Chillin’ at my BFF’s house after HR attending my first HRevolution, I picked up the latest Vanity Fair. See me and my BFF love to relax to Vanity Fair, US weekly and the Real Housewives of Atlanta. It was a good chillin’ moment after the conference at Georgia Tech. In between stories about Rob Lowe and the Royals, there was a small one pager about Harold Bloom. Bloom is the preeminent US scholar on all things Shakespeare; he should be–he’s 80, has written 39 books (mostly on the subject o’ thee Bard), and has been teaching on the subject at Yale for 55 years.
Whuuu…. makes your head spin. Oh and he thinks Shakespeare is God. Duh.
Then the article swung me to an HRevolution place. At that time HRevolution was in my headspace pulling a full-frontal on me.
Bloom was frustrated with biographies of Shakespeare. To illustrate the point he stated,
“Let me quote Ralph Waldo Emerson, best mind ever to come out of America: Shakespeare is the only biographer of Shakespeare. In other words, don’t look for the man in the work; look for the work in the man…”
This is the very reason why HRevolution worked for me. After reading lots of material from a lot of the attendees at the HRevo, it’s been easy to infer who they are from their work: blogs, tweets, job titles, etc. But in the live, kinetic, authentic context of the conference/unconference you were able to see the value, voraciousness, and depth of the work through the person.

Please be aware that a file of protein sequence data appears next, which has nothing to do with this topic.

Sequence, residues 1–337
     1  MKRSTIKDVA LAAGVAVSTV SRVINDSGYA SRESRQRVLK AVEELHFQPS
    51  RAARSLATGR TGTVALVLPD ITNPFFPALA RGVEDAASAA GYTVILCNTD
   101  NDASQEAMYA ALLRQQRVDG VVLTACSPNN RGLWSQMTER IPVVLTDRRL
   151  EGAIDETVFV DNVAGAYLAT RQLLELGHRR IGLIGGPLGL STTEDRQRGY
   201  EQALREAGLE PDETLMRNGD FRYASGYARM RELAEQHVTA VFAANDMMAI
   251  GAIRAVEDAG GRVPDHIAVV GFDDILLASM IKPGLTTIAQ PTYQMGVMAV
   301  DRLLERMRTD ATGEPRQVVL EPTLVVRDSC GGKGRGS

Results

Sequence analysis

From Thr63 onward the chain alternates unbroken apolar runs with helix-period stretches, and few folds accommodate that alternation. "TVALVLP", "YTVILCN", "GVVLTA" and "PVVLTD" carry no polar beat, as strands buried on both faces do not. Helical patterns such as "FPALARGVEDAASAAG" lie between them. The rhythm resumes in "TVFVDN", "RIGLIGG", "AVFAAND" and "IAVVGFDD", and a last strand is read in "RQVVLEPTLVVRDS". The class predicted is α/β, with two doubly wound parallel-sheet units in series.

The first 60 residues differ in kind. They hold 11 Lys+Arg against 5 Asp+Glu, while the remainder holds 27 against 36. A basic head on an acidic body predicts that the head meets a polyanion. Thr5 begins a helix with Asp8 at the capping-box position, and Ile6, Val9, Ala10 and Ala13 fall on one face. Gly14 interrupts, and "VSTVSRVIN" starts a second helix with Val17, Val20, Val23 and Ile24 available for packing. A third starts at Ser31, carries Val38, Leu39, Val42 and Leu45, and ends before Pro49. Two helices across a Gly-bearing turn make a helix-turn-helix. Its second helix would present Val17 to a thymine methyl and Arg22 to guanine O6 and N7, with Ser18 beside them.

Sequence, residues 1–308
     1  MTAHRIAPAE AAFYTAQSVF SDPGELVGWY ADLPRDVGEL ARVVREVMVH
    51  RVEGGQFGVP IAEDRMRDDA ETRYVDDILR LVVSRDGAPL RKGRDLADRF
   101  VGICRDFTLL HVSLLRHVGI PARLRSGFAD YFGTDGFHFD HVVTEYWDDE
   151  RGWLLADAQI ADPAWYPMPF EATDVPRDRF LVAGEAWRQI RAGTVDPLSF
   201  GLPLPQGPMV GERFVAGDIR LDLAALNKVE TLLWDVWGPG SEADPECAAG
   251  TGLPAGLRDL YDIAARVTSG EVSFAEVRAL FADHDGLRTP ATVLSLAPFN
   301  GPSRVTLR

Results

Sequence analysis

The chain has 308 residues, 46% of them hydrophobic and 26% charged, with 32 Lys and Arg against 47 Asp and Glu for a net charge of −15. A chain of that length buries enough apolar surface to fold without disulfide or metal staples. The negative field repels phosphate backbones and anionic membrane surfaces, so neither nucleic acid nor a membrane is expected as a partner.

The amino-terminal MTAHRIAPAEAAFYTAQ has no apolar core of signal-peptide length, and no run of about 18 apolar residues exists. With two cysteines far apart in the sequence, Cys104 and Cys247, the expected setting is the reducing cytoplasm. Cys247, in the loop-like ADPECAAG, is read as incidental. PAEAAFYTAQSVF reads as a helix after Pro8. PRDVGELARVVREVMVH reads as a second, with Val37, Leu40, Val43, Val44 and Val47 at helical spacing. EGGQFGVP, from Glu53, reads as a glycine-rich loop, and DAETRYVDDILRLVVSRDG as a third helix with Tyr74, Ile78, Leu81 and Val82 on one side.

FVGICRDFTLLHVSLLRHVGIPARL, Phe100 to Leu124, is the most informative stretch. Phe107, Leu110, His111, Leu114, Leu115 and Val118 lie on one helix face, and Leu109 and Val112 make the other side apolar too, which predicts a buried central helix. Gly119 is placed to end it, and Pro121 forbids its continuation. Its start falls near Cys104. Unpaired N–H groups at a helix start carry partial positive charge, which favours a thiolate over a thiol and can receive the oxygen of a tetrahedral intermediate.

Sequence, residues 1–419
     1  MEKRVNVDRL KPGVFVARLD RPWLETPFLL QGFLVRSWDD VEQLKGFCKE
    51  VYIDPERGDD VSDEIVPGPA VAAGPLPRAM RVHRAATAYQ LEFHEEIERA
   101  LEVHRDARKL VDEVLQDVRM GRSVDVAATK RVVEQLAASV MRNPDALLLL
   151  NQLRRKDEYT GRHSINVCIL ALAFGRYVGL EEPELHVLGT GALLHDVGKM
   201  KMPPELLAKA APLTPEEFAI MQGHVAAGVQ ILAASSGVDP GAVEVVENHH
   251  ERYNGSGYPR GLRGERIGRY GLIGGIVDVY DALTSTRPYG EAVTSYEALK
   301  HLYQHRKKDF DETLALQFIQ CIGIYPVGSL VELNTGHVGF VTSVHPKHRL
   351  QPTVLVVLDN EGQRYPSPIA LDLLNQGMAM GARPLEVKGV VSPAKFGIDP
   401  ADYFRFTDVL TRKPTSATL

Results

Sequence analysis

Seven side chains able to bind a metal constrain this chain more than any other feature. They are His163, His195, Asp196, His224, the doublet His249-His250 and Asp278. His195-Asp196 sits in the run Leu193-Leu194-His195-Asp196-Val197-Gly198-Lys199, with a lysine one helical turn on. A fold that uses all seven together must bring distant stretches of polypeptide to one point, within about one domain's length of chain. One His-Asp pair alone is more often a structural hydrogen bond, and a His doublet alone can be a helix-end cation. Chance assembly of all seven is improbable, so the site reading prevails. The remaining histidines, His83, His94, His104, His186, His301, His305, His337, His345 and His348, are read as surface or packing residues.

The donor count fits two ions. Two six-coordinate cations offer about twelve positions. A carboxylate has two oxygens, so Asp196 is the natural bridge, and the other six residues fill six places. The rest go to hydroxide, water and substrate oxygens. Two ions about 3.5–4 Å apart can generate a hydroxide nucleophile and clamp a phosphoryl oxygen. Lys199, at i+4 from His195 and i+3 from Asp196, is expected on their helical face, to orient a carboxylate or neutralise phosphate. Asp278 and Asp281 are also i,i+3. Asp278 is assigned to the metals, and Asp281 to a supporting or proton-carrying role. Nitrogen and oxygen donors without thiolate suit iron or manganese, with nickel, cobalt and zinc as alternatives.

For example—Charlie Judy through his blog HRFishbowl writes about Simply Engineered HR. Premise = quit over thinking HR and get back to the basic, human element of the profession. Reading his blog you can interpret Charlie through his work. Charlie is a smart HR guy so there is a lot to take away. However, in real life when you see how he interacts with people, very open, welcoming–dare I say Charming (not in a creepy way @DwayneLay) you begin to be to see “the (HR) work in the man”. When you see his talk about his children, family you begin to see “the (HR) work in the man”. The HR context is full circle.
So that is the beauty of the HRevolution. And a beauty you should share on your own HR stage.
And as Shakespeare said…all the world’s a stage.